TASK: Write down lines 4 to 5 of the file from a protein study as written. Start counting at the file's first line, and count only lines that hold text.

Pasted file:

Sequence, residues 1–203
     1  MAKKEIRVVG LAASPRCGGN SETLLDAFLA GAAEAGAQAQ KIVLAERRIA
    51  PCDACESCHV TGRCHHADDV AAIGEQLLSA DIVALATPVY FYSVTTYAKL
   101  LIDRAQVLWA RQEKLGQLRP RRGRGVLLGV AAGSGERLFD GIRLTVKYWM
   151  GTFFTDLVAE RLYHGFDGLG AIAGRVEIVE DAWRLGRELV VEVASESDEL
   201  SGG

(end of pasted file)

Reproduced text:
   101  LIDRAQVLWA RQEKLGQLRP RRGRGVLLGV AAGSGERLFD GIRLTVKYWM
   151  GTFFTDLVAE RLYHGFDGLG AIAGRVEIVE DAWRLGRELV VEVASESDEL